A device that converts coconut husks and native jatropha plant into biofuel is gaining traction in Papua New Guinea as Biofuel Partnerships’ first export deal.
The invention significantly impacts the field of distributed biodiesel processing and changes the way machinery in third world territories is powered.
Chairman John Edwards is hesitant to release growth figures but indicated strong export deals ahead in countries including India, Africa, South America and Thailand.
“We’re very excited about the prospects for export sales over the next 12 months,” he says.
“After three years in design and development, the BioCube is here, in the field and working well. We anticipate the demand for the BioCube to increase steadily throughout the coming years as awareness and usage grows.”
Several design options permit the device to provide electrical power, fuel or a mixture of both. Units are sold for US$200,000 each.
Technical director and founder Sandy Kelly, says the machine has run continuously for months without breakdowns in PNG.
“We’re delighted with the early trial results. Prior to the trials, the production design was reviewed and, despite the strength of our first BioCube, we identified a few areas in which the design could be improved to reduce manufacturing costs and to use the space more efficiently.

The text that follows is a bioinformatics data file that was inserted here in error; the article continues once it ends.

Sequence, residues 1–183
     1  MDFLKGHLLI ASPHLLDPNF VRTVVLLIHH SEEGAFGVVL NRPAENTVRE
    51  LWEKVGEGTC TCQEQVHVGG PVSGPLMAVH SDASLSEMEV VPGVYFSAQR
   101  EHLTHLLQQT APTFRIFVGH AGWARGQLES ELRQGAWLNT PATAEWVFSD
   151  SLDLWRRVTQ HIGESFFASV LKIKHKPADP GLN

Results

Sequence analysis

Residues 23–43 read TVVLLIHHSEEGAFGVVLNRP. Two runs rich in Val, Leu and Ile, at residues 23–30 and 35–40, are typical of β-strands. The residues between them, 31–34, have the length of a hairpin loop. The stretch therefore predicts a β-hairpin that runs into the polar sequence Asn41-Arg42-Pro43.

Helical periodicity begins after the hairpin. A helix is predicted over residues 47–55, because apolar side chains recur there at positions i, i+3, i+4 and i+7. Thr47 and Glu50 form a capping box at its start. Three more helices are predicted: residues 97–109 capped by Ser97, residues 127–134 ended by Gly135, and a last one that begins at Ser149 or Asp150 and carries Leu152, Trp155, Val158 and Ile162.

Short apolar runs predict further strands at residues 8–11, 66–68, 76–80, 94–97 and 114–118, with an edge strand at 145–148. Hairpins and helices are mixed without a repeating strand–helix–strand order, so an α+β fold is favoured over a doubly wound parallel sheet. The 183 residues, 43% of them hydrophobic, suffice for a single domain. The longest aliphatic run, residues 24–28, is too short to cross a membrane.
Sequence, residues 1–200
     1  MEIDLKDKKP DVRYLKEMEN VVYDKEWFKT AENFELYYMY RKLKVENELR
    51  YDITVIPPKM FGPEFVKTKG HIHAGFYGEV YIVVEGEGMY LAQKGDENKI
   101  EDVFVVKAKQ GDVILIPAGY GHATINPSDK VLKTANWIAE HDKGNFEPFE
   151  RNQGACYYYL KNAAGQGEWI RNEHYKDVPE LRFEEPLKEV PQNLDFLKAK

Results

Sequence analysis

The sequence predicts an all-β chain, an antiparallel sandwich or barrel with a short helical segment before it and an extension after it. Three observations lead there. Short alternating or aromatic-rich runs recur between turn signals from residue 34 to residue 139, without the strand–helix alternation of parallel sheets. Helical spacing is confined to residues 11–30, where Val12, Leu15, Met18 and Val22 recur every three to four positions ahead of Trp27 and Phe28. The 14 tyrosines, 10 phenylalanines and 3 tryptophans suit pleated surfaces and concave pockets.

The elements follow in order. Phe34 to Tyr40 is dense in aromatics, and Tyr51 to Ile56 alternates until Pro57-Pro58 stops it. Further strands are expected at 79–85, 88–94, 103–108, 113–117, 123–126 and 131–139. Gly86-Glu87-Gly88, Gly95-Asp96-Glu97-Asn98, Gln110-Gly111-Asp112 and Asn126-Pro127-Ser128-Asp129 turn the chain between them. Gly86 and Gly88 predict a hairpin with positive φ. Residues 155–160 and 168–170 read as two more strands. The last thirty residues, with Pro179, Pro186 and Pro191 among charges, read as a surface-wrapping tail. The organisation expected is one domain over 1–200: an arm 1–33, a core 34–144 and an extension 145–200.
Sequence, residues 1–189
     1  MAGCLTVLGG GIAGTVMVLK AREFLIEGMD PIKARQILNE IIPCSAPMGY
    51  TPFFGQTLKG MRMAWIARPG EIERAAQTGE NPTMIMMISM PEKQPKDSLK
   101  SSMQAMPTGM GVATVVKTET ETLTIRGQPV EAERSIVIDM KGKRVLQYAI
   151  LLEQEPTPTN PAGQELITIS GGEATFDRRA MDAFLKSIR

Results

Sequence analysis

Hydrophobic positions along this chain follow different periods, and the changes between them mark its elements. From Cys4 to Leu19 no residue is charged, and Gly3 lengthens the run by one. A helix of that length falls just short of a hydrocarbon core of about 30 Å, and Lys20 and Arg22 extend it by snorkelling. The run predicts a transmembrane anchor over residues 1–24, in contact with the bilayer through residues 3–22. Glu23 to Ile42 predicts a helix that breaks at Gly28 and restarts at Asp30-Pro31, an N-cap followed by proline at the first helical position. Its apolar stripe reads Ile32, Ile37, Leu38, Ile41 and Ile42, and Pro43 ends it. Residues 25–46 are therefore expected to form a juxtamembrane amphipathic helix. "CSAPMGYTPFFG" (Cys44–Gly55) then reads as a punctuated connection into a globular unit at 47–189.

“These have been well received by our manufacturing partner,” says Kelly, who showcased his invention on the ABC’s New Inventors program.
Increased mining activity in target export territories are expected to propel sales for the Molendinar-based company.
Director Peter Wilken predicts demand for alternative energy – in particular for liquid fossil fuel alternatives for transportation and industry – to grow throughout the decade as the price of fossil oil continues to rise.
“The BioCube will appeal to many markets but is likely to appear first in pioneering alternative energy markets,” he says.
“These markets seek greater energy independence and lower expensive imported fossil fuel costs with cleaner solutions that are less harmful to the environment and their people. They have a growing demand for energy and good feedstock growth conditions yet still have high levels of underemployment, particularly in rural areas. The BioCube is the perfect solution.”
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